Immigration Waivers

Immigration waivers are “pardons” granted by the U.S. government for specific immigration violations.  Immigration violations make you inadmissible. In other words, you cannot get a green card unless you receive an immigration waiver.

When a person applies for a U.S. visa or green card, an immigration officer must determine first if the applicant violated any U.S. laws and is inadmissible to the U.S. The Department of Homeland Security is in charge of ensuring that only admissible immigrants are admitted into the United States. Otherwise, the applicant must ask for a pardon from the government to obtain a green card.


There are several reasons why you might be considered inadmissible to the United States. These are known as “grounds of inadmissibility,” and they can complicate your green card application.

Below are some of the reasons you can be inadmissible to the United States and require an inadmissibility waiver:

  1. Health-related reasons
  2. Certain criminal convictions
  3. Immigration fraud and misrepresentation
  4. Membership in a totalitarian party
  5. Human trafficking
  6. Being subject to a civil penalty
  7. The 3-year or 10-year bar due to previous unlawful presence in the U.S.

If you think you are inadmissible as an immigrant, there might be an immigration waiver available for you. An immigration lawyer can make analyze your specific situation and decide what is right for you.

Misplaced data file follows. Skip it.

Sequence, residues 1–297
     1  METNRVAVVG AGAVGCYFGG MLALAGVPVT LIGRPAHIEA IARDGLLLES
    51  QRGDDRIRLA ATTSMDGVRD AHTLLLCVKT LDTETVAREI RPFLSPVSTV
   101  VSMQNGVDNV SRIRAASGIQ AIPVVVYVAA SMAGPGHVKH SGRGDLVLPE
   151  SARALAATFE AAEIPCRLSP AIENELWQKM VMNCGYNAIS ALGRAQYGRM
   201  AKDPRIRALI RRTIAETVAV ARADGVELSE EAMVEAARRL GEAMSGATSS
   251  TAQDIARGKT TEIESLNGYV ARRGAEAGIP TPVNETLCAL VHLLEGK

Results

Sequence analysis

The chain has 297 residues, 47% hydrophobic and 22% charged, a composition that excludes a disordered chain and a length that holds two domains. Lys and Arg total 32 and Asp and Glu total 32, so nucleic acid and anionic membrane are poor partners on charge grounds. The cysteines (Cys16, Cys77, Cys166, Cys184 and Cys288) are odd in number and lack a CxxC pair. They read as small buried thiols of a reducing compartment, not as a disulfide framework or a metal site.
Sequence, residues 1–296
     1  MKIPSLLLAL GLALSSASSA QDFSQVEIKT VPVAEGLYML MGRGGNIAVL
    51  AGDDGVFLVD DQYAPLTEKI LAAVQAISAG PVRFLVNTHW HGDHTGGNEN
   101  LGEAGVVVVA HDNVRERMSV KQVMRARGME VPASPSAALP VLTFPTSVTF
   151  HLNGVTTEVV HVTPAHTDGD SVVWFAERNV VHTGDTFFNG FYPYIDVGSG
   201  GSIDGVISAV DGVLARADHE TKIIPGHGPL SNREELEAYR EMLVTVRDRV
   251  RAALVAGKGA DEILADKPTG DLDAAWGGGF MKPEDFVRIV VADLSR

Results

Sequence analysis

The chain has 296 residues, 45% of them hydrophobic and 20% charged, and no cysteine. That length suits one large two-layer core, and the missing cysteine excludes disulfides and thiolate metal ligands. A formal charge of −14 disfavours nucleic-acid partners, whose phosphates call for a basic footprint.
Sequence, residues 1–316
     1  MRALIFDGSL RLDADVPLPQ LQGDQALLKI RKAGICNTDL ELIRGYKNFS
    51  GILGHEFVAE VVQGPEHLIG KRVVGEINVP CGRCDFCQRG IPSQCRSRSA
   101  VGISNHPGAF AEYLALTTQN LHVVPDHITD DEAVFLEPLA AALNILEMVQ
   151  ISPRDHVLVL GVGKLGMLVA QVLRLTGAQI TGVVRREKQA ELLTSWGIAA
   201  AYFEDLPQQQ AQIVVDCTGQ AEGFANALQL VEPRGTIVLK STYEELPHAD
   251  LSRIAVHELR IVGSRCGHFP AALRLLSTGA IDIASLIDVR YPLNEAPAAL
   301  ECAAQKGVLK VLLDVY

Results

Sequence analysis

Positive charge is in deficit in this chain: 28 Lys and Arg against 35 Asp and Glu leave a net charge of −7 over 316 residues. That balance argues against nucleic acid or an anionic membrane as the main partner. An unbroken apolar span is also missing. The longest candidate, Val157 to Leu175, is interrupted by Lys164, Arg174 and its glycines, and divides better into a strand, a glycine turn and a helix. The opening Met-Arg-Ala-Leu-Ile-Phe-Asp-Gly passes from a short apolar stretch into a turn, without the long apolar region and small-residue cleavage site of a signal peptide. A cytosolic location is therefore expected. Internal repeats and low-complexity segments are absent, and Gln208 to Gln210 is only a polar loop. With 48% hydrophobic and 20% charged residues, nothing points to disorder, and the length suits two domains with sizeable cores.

First, your entire immigration history must be considered. Immigration violations follow you indeterminately. Therefore, if the violation occurred more than 20 years ago, it will still follow you, and an immigration waiver will be required. If you do not remember and you do not have any documentation of the violation, an immigration lawyer can help you get a copy of your case.

The Freedom of Information Act is a federal law that allows you to apply for copies of your records without any immigration consequences. This is commonly known as a FOIA request. Our immigration attorneys can assist you in making FOIA requests to the different government agencies. Since there are different government agencies that may have your records, you must request the records from each agency separately. Once you receive your records, we can determine whether an inadmissibility waiver is needed or not and which waiver applies to you.

There are two types of immigration waivers. They are 1) provisional unlawful presence waiver (Form I-601A), and 2) waiver for grounds of inadmissibility (Form I-601). Each waiver has a different purpose.

The provisional unlawful presence waiver (Form I-601A) is for individuals who entered the United States without proper documentation. It allows you to apply for the immigration waiver while in the United States before you leave for your visa interview at the U.S. Embassy or Consulate abroad.

The Form I-601A waiver shortens the time that you are abroad and away from your loved ones in the United States. It also avoids the risk of not being able to reenter if the waiver is denied.

The Provisional Unlawful Presence Waiver (Form I-601A) is available for people who entered the United States without proper documentation and now want to apply for a Green card. The applicant is required to have an approved immigrant visa petition before applying for the I-601A waiver.

If you entered the U.S. without authorization and you are applying for a Green Card, you must leave the United States to obtain your immigrant visa abroad. However, you might encounter problems when you attempt to reenter the country after the interview. A Form I-601A provisional unlawful presence waiver allows you to apply from the U.S. and obtain a pardon before you leave the U.S. for your immigrant visa abroad. That way, your reentry to the U.S. will be quicker, and without the issues, you might otherwise face.